I’ve been playing this one a lot on this wobbly, crap turntable I procured from an acquaintance here. I’m wondering how the experience will change once I return home and play it on a turntable that rotates in a perfect circle. Hopefully not too much cause as is this record might just be my favorite LP from the year so far. A trifecta of labels put End of the City out—the always fantastic DNT, Abandon Ship which this is their first LP (congratz!) and Abaddon which seems to be a brand new label.
The two artists’ work compliments each others’ really well here. Their sounds are similar enough that listening to the sides back to back feels coherent but Gunn and McMillen bring totally different ideas to the table.
This is my first experience with solo material from Gunn (he’s part of the killer group GHQ) and this does not disappoint. He showers us in pleasant vibes contributing a lovely raga-lite track. A groaning organ/sitar/something loop spirals around as he tears it up on guitar. Shakers come in later and they’re a real subtle but effective addition and tablas join the ranks afterwards. It’s fairly repetitive but not boring the least in. Gunn lays down a real nice solo towards the center too. For a while its only one track of guitar but there gets to be about 3 or 4 creating little, consonant webs. A renegade sitar pops up too and the whole thing ultimately wraps with a nice bed of loops. Beautiful stuff and effortlessly good, mellow vibes, a much sunnier experience than GHQ’s bleak, harrowing (and excellent) journeys into raga-drone.
I think Gunn’s side was probably my favorite initially but I think McMillen has swung me to his side the aisle. While Gunn worked very strictly with one sound, McMillen’s side constantly moves through many rooms of sound on his side. Beginning with a junk store instrument pile-up and almost immediately giving way to an amazing, creepy piano/thumb piano duet, augmented by the occasional hollow floor tom. After electronic scribbling, the piano returns full force, barely on this side of tonal, against a chirping cricket-style electronic melody. So then there’s an amazing evensong choral bit with the angry crickets still in tact and weird field recording rumbling around. Just beautiful, eerie stuff. Air raid sirens and all kinds of shit is in here; it’s nuts. A keyboard/guitar duet grows out of the last part with some kind of spoken word/poem reading and sitar in there too. All of a sudden the crickets get groovy against a bevy of sounds until a harmonica takes the lead and piano follows suit briefly unleashing an awesome suspense movie type melody. So what next? Where else is he gonna go? The answer is a path to a vintage era Skaters thing with distorted vocals, hand drums and a jiggy spirit flute. The whole ordeal ends unassumingly with a brief jam on a guitar that has a bunch of shit stuck between its strings. Oh yeah, there’s a crow cawing in there too… The question I keep asking myself is who is this guy? Why have I not heard of him before and how did this jumble of sound collapse under its own weight? The most that I’ve found is he’s a sometimes collaborator of Warmer Milks, which I confess I’m not too keen on. But I’ll be seeking out more of this guys stuff anyway.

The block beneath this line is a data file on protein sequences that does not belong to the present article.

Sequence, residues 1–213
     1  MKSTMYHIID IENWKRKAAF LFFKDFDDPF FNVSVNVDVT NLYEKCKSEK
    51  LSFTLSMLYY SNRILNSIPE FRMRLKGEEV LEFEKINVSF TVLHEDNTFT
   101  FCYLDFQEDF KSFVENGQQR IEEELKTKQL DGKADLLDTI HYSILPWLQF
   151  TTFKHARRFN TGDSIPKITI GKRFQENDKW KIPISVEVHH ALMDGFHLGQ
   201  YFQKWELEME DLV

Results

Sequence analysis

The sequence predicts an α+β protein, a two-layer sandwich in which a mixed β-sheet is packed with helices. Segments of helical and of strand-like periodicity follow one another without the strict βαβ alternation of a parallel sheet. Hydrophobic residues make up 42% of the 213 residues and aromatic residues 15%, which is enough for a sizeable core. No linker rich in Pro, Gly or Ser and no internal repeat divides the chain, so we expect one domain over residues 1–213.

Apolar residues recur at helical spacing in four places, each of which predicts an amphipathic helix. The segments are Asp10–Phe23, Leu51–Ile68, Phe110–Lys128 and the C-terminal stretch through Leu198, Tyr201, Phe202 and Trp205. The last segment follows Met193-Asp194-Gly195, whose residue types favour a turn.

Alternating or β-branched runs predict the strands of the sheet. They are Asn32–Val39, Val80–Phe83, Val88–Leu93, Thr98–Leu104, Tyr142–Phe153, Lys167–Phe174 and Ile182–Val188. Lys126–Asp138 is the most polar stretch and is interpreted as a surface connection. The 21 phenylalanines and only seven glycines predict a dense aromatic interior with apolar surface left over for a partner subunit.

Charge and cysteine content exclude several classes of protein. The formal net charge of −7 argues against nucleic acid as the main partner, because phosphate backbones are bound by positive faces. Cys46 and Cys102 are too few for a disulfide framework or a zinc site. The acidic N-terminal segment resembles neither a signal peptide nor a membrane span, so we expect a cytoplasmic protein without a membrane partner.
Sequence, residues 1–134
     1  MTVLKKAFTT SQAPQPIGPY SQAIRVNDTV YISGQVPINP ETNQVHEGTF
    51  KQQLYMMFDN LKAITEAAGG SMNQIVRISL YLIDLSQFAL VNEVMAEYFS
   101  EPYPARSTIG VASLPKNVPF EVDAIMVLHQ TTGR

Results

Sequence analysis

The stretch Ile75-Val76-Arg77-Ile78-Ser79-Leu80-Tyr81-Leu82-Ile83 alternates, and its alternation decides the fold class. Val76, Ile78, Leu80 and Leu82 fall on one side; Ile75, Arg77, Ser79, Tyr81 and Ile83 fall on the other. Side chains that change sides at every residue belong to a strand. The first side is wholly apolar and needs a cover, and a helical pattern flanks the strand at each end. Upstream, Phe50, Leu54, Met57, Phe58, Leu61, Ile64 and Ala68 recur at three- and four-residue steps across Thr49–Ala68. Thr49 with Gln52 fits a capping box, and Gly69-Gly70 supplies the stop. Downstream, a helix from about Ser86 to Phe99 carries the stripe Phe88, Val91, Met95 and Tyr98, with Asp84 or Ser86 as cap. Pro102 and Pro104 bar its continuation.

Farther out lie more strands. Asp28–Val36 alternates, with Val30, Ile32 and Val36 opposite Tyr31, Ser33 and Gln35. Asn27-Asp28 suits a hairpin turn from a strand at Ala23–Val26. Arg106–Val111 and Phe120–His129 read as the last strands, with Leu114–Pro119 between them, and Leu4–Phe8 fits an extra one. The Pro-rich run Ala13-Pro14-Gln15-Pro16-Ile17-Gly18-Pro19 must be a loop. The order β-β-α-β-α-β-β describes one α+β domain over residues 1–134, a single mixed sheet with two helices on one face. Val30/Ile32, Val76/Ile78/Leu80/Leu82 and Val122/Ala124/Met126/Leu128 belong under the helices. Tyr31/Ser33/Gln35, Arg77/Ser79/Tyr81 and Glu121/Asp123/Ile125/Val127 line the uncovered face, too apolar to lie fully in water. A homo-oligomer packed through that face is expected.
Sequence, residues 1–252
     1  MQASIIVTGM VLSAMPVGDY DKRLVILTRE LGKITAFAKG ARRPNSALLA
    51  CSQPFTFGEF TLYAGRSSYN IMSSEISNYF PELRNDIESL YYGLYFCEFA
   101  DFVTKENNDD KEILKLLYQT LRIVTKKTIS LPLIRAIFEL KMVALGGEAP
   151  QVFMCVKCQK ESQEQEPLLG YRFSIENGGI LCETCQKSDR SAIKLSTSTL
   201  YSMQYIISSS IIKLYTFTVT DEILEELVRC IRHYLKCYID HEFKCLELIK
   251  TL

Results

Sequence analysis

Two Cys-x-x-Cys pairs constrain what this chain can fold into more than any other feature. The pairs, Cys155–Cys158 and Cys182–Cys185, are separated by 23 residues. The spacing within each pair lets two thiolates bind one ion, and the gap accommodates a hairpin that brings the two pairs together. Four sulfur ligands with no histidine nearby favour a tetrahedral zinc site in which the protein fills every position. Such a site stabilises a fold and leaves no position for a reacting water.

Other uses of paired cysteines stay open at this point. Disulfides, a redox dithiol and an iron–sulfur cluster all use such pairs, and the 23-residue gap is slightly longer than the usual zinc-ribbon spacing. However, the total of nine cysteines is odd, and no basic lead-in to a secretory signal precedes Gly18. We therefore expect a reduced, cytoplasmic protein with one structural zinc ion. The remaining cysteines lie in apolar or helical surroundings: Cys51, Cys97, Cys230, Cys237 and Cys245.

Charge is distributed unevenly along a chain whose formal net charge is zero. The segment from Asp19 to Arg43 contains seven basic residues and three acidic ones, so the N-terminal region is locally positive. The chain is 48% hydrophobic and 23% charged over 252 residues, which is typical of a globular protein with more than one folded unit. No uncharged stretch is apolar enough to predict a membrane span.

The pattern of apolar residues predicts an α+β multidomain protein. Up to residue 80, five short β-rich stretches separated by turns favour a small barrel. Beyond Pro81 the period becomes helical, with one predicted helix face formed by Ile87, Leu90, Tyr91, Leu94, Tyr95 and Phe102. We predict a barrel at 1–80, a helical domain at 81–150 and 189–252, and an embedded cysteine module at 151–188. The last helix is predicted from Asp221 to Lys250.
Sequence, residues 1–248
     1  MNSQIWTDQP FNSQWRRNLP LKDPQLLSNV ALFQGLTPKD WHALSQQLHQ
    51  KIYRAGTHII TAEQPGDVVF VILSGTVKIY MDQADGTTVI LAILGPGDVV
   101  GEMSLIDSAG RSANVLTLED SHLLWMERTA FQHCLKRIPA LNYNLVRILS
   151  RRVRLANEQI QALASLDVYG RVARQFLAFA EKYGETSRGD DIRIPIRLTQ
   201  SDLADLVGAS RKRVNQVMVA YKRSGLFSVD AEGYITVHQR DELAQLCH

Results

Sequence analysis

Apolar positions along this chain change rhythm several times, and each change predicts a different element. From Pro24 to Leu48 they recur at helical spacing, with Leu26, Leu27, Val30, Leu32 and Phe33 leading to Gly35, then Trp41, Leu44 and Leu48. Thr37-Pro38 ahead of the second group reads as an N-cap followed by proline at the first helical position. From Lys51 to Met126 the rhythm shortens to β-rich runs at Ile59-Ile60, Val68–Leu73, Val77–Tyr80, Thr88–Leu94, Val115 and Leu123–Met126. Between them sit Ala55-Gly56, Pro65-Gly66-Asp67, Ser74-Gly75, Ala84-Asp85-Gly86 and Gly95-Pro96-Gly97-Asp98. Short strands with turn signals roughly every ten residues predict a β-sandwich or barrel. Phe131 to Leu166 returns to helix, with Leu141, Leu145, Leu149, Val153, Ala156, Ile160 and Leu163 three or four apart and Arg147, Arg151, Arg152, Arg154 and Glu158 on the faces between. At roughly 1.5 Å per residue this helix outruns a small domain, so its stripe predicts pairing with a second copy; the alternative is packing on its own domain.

The LP comes in a pro-printed sleeve with excellent artwork by Mary Kidd and a full size insert. DNT’s copies are gone but it was still in print at Abandon Ship and Abaddon last I checked. Edition of 500. Recommended.